Mountains are strange that way. One or two flakes in front of you. An impassable white-out blizzard another 5000 feet away, on the other side of the impassable chasm. I’m exaggerating, but I’m trying to make an analogy, you know, like when hell freezes over, that kind of thing. I love the snow, being from Minnesota and all, but the analogy I’m thinking about involves our Blessed Mother showing the Fatima kids a vision of hell, with souls falling into hell like snowflakes in a blizzard. Snowflakes are so very delicate, beautiful, seeming immaculate in their wispy crystalline designs, but destined, in this analogy, to drop inextricably into an ever more violent eternal vortex of hateful violence and despair. But, just think, before dropping in, if only they had a chance to go to Confession, and then they wouldn’t drop down at all. Having said that: here’s a wild article on mercy and confession that was just published in the Catholic News Herald for the Diocese of Charlotte:
Father George David Byers: A Missionary of Mercy hears confessions in the strangest of places (Catholic News Herald – March 2016)
This Missionary of Mercy confesses to you that I haven’t always followed to the letter the canon law of the Church, namely Canon 964, which states that “the proper place for hearing sacramental confessions is a church or oratory” and that “except for a just reason, confessions are not to be heard elsewhere than in a confessional.” I have been very broad in my interpretation of a “just reason.”
Scaling particularly deadly mountain walls with friends, or other similarly intense moments, has never been an occasion for me to hear a confession. However, as any priest, I do recall terrible traffic accidents when absolutions were provided. We’ve all heard confessions in hospitals and rehabilitation centers, as well as in nursing homes and assisted living centers. But those are to be taken for granted.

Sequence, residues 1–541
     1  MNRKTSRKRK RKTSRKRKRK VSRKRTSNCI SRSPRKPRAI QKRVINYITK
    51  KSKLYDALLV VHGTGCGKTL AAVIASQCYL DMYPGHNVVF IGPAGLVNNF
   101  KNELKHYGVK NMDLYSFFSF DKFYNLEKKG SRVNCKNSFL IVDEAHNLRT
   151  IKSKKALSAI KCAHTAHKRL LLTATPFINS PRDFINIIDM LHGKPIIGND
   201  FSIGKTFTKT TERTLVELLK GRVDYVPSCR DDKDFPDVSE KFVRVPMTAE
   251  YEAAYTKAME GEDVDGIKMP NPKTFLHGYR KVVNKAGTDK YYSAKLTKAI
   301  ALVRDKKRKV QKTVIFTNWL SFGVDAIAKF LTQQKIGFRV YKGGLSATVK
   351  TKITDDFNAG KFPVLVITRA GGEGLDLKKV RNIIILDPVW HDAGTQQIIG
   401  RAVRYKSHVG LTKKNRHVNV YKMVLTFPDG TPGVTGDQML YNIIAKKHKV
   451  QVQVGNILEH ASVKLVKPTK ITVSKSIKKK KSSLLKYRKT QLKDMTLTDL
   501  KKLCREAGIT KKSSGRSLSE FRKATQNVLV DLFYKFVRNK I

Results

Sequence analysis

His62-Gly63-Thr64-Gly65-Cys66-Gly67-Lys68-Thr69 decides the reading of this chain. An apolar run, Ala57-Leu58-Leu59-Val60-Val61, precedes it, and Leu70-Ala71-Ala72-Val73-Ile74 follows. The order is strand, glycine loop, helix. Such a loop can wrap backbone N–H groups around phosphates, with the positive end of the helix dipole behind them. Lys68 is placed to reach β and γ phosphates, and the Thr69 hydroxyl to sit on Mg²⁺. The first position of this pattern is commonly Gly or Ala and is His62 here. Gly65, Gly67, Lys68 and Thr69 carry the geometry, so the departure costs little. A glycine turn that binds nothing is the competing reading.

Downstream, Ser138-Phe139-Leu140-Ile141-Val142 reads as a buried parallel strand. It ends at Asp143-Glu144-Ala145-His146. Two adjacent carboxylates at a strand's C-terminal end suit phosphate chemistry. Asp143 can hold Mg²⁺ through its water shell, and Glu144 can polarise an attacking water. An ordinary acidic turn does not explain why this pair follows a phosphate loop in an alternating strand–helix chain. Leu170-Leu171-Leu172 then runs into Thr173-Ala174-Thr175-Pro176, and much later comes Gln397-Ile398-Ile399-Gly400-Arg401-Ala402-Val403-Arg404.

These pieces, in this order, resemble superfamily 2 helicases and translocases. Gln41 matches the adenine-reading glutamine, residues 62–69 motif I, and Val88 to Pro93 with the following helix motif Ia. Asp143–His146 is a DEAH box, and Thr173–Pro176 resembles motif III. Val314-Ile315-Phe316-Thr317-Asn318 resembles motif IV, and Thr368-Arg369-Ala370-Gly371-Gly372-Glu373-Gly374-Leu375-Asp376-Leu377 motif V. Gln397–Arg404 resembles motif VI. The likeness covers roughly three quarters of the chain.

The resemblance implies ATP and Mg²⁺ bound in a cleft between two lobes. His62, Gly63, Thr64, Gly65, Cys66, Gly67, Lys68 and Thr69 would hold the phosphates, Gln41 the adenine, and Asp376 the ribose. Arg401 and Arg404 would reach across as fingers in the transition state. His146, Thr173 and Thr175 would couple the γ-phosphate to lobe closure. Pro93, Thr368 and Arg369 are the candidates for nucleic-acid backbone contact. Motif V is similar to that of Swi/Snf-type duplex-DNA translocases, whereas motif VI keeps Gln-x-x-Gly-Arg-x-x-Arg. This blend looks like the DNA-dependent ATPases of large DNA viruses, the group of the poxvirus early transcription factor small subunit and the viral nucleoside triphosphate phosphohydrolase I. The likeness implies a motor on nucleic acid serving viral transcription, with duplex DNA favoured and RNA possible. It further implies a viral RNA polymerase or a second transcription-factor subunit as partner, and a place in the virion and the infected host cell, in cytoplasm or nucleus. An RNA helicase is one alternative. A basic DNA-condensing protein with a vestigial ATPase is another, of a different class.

Some venues for confessions might be considered strange by those who just can’t imagine themselves confessing in such circumstances, but others are less inhibited. I’ve frequently heard confessions in the midst of rushing crowds in airport concourses or train stations, outside supermarkets or on street corners. Cars and trucks and parking lots are most favored, but so are walking confessions, which make their way along city sidewalks or country roads.
A house, a barn, a dog kennel, a chicken coop … any place will do. Mercy is available everywhere.
The fact of someone wanting to go to confession is a “just cause” for not using a confessional, even when a confessional is right at hand. Sometimes the sacristy is better for any number of reasons. In some places, women’s confessions were traditionally heard in “the box,” while men’s confessions were heard in the sacristy.
Having said this, though, there are limits. Proximity is necessary for the sacrament. No video conferencing. No phones. No radio talk shows. No email or texting or Facebook or Twitter. Not even Snapchat. No sacrilege.
Permit me, though, to bring you to a place to offer your confession so strange that you may not have considered it – not realizing that you have been confessing in this most unheard of place since your very first confession. You’ll need your imagination for this, but only because it’s so real that it’s hard to wrap one’s mind around.
Imagine that when you go into the confessional, to your shock you see that there is someone already kneeling down just starting to confess. It’s Jesus! You kneel beside Him sheepishly, and see your own priest on the other side of the screen. Jesus then starts to confess all your sins as if they were His own. He’s brief and to the point, includes aggravating circumstances and numbers of times for any serious sins. He just enumerates the sins without ambiguity, without excuse. He then concludes: “I accuse myself of all these sins, Father, and I beg absolution and penance.” Your priest then gives you your penance and absolves you, and you go away filled with wonder at the great love of Jesus who, in order to provide the grace of that absolution, stood in our place, taking on the death we deserve because of our sin.
When we confess, we do so alongside Jesus, who steps in for us. But because He does that on a spiritual level, we must be loyal to Him by ignoring any fear, any humiliation we might feel. Instead of looking to ourselves, we look to see His goodness and kindness. That’s a strange place to confess from, alongside Jesus, is it not? And yet, it is all very familiar, for no matter how strange the place is in which we might confess, we are always right next to Jesus, who loves us so very much.
Father George David Byers is administrator of Holy Redeemer Church in Andrews and one of two “Missionaries of Mercy” commissioned by Pope Francis in the Diocese of Charlotte.